When former vice president Joe Biden left government in 2017, most Chinese goods entered the country tariff-free, the U.S. had just negotiated a landmark treaty with 11 Pacific Rim nations, and corporate America largely called the shots on the Democratic Party’s trade policies.

After more than three years of President Trump’s “America First” administration, that world is long gone.

The average U.S. tariff on Chinese products is at its highest level in at least 40 years. The U.S. has abandoned the Obama administration’s signature pact, the Trans-Pacific Partnership. And organized labor has muscled its way into greater prominence in shaping trade bargains.

Navigating this landscape represents a challenge for Biden, who backed a 1994 trade deal with Mexico and subsequent legislation allowing China into the global trading system, both of which Trump and the Democratic left have long assailed. The president already is taking shots at his likely Democratic rival, accusing him in a television ad released this month of destroying millions of manufacturing jobs with “dangerous and foolish” trade deals.

It’s easy to see how Biden, who promises to court U.S. allies and to emphasize climate change, would differ from Trump. But the Democratic candidate has sketched an approach to trade that also would depart from the corporation-friendly orthodoxy of the Clinton and Obama years.

He told the United Steelworkers union he would insist on “strong rules of origin” in any new trade deal, which would require more manufacturing in the U.S. while complicating corporate planning. He vowed to crack down on provisions of the tax code that encourage outsourcing, especially in the pharmaceutical industry. And he ruled out the establishment of special tribunals for corporations to dispute actions by U.S. trading partners, which critics have called a private justice system.

Biden also says he will not complete any new trade deals before first making “major investments” in education, infrastructure and manufacturing. And he proposes spending $400 billion on a “Buy America” initiative designed to boost domestic production and build greater resilience into critical supply chains.

If pursued in office, the new stance could mark a turn after more than a quarter-century of pro-business tilt for the Democratic Party, some analysts said.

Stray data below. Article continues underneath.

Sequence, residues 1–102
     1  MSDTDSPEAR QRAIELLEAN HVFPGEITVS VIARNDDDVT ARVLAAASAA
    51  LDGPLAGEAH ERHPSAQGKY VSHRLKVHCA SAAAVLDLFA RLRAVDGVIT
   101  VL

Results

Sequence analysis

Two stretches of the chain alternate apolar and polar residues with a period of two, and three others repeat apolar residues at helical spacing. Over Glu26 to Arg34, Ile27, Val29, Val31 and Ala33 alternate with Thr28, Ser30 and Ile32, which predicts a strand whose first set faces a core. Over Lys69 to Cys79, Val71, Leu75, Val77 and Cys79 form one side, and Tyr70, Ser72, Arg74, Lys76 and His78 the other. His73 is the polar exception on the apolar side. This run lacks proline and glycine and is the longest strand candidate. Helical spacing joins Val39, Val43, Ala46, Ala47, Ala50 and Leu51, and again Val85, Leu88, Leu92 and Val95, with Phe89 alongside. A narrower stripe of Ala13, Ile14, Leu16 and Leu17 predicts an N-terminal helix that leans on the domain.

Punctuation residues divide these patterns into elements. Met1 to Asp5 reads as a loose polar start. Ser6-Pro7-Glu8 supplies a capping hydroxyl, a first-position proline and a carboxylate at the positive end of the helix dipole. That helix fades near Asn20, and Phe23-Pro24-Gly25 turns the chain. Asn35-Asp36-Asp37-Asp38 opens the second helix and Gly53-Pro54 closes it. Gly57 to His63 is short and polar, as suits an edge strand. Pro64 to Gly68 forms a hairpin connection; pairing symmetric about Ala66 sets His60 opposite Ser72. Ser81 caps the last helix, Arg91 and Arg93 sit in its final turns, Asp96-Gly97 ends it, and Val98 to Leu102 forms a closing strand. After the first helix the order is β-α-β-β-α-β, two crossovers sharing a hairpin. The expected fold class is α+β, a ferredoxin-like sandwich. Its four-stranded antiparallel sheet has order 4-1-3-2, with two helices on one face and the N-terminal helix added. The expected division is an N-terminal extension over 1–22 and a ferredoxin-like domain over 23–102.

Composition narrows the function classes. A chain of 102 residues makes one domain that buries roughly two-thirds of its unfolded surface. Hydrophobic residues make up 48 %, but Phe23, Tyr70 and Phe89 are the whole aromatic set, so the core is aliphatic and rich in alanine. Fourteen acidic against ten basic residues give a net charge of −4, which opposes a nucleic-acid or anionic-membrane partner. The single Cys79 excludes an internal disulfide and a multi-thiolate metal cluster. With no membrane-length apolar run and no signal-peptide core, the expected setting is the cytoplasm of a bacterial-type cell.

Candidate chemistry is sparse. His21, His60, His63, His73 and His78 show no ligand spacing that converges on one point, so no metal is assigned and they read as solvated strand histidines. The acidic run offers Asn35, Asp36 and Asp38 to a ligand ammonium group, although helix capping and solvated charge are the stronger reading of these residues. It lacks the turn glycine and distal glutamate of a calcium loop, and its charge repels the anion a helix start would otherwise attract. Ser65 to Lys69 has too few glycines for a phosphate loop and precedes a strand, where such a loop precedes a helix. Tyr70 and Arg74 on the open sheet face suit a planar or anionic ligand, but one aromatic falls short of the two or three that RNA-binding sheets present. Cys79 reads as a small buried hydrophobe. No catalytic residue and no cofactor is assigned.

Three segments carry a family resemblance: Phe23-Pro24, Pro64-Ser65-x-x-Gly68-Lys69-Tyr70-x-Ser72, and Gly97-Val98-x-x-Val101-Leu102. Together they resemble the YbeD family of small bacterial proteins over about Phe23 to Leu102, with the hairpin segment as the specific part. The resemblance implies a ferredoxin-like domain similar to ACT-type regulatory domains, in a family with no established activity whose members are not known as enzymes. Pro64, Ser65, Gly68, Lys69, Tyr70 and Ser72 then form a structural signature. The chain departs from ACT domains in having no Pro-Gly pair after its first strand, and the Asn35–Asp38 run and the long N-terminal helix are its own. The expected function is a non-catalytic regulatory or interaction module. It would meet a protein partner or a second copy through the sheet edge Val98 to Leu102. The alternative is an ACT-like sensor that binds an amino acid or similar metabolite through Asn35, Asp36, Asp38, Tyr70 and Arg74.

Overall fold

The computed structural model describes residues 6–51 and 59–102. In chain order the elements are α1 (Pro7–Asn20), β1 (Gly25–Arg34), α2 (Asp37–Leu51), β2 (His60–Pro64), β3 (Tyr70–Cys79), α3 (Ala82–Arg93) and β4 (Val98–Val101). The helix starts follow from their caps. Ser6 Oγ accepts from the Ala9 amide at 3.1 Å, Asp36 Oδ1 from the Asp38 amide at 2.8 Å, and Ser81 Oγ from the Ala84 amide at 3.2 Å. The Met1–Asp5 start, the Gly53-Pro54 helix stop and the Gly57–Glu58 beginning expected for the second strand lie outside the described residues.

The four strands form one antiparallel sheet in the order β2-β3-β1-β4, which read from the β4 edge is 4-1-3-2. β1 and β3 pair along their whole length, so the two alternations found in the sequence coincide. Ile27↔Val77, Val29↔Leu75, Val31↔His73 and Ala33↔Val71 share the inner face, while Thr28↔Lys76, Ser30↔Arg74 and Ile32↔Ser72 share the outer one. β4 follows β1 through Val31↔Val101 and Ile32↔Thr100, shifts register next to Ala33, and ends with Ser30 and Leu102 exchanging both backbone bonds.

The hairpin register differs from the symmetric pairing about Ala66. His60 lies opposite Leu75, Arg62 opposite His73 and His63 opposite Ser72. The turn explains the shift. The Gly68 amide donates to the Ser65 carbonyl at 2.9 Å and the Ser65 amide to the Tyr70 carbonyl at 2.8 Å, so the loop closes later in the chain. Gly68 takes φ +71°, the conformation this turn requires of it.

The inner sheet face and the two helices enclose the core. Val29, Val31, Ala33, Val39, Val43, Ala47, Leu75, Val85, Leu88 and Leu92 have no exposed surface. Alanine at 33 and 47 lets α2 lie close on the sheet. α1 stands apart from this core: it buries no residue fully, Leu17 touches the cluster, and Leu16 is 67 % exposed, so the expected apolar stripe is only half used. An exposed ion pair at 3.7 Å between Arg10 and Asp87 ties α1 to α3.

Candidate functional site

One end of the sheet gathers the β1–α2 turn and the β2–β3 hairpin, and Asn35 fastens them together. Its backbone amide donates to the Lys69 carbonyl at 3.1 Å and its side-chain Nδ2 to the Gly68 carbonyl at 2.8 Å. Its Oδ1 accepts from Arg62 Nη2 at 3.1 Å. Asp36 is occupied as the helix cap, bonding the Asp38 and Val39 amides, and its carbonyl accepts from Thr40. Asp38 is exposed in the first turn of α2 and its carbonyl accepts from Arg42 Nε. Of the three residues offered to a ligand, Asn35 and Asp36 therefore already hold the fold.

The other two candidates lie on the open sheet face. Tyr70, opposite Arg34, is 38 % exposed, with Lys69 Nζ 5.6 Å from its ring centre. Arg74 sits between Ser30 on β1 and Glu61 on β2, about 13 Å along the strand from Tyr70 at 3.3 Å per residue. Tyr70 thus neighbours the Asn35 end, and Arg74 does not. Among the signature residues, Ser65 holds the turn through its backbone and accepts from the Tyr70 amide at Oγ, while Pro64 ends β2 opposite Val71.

“I think we’re in a new world in trade policy,” said Beth Baltzan, a former trade lawyer on the House Ways and Means Committee’s Democratic staff. “People understand that a somewhat blind faith in free trade is producing undesirable results.”

The dangers of an increasingly authoritarian China coupled with the coronavirus pandemic’s disruptive effects is prompting a rethinking even among die-hard globalization supporters. The results can be seen in Biden’s recent call for “fundamental reforms that shift production of a range of critical products back to U.S. soil” — a statement that Peter Navarro, the administration’s most fervent proponent of economic nationalism, could endorse.

Supporters of protectionism say Biden could reorient the party’s trade stance away from its reflexive tilt toward corporate priorities. Though harshly critical of Trump’s approach to China, the likely Democratic candidate has promised no quick rollback of the tariffs on Chinese products that U.S. corporations have panned.

“There’s been an evolution among national Democrats on trade policy, and the centerline is not where it used to be,” said Scott Paul, head of the Alliance for American Manufacturing, a union-industry group.

To be sure, corporations are attempting to have influence over a potential Biden administration. Securities and investment firms alone have contributed more than $36 million to his campaign and outside groups supporting his candidacy, according to Open Secrets, a nonpartisan group. And many business leaders take solace from the fact that even if the former vice president can’t revive the pro-globalization consensus, he will not continue Trump’s capricious trade-policy-by-tweet.

“They realize things probably won’t go back to the old world,” said Rufus Yerxa, president of the National Foreign Trade Council, an industry group. “But it will be a lot more stable than the present world.”

Still, as the Washington adage goes, personnel is policy. And many of Biden’s key advisers are veterans of previous Democratic administrations that reduced trade barriers, promising that any jobs lost to low-wage countries would be more than offset by gains from additional exports.

While Biden has pledged to name representatives from unions and environmental groups to trade enforcement positions, those who hope he will break decisively with his Democratic predecessors are not yet declaring victory.

“The decisions,” said Paul, “are made once you’re in office.”